Now, as you climb to place your tree steps or ladder sections, move the loop (that’s around the tree) up as you ascend. You’ll have to cinch the loop down so that it won’t slip each time you take steps upward. This process takes a while, but it’s a must.

When you finally reach the point where you wish to hang your stand, you’ll be protected from falling by your safety rope and harness. Now, with one hand, remove the life line from your belt and loop it around the tree. Drop the tag end through the loop and then pull the prusik knot through the loop. This is very important! When you are sure the prusik knot is through the loop, attach your safety harness carabiner to the prusik knot loop. Now that you are fully protected by the life line, remove your safety line from around the tree.

2. While in the tree and protected with your life line, trim any branches or leaves that would prevent you from hanging your stand flush against the tree, then climb back down to the ground.

3. Tie your treestand to the tag end of the dangling life line and place a ratcheting strap in your pocket or backpack.

4. Climb the tree again while sliding the prusik knot up as you go. When you get to the point where you wish to hang your treestand, push the prusik knot as close to the rope’s loop as possible and cinch it down so that you can lean back slightly without using your hands, like a lineman, then pull the treestand up using the lifeline as best you can.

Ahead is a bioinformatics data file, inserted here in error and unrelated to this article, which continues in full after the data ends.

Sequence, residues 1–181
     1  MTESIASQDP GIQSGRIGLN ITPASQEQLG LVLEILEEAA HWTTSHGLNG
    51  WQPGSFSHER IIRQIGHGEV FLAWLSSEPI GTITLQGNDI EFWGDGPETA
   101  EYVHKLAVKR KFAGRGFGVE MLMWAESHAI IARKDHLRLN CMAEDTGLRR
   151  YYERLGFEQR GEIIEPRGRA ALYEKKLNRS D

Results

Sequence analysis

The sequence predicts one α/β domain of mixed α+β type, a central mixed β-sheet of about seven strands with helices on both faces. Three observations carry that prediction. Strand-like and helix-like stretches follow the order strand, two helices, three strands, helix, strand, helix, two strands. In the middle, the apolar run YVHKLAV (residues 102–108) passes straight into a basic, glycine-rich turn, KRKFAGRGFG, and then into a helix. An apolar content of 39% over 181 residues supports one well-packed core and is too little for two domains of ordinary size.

5. Make sure the stand is at a 90-degree angle to your tree steps or ladder so you can climb up and easily step off the step and onto your treestand’s platform. Next, loop the stand’s strap around the tree and tighten it down as much as possible before folding the stand’s platform down. Now stand on the platform and test its stability and levelness. Make any necessary adjustments now. When you get it just right, place the second ratchet strap around the stand and tree and tighten it down, as well. Now your stand should be locked in place.

Stand and sit in your stand and note any shooting lanes that need to be cleared from the ground. Now climb down, checking each ladder or screw-in step as you go to make sure they’re solid. When you get to the ground, un-clip your carabiner from the prusik knot, then tie the bottom of the life line to the bottom-most step so that it’s tout; this will make sliding the prusik knot up and down easy.

With the new knowledge that your treestand is totally safe, you’ll be able to better concentrate on killing that big buck when he comes through snorting and wheezing.

For more treestand tips, check out the following articles:
• Know-How: Treestand Maintenance
• 10 Treestand Safety Tips
• How to Stay Warm on Stand
• Know-How: Make-or-Break Stand Setups
• Why You Should Hang Your Treestand At Night
• Know-How: Make Your Treestand Disappear
• Smart Plans for Rut Stands
• Know-How: Find Your Superstand
• How to Set the Perfect Bow Stand

Comments On This Article

More Like This From Around The NRA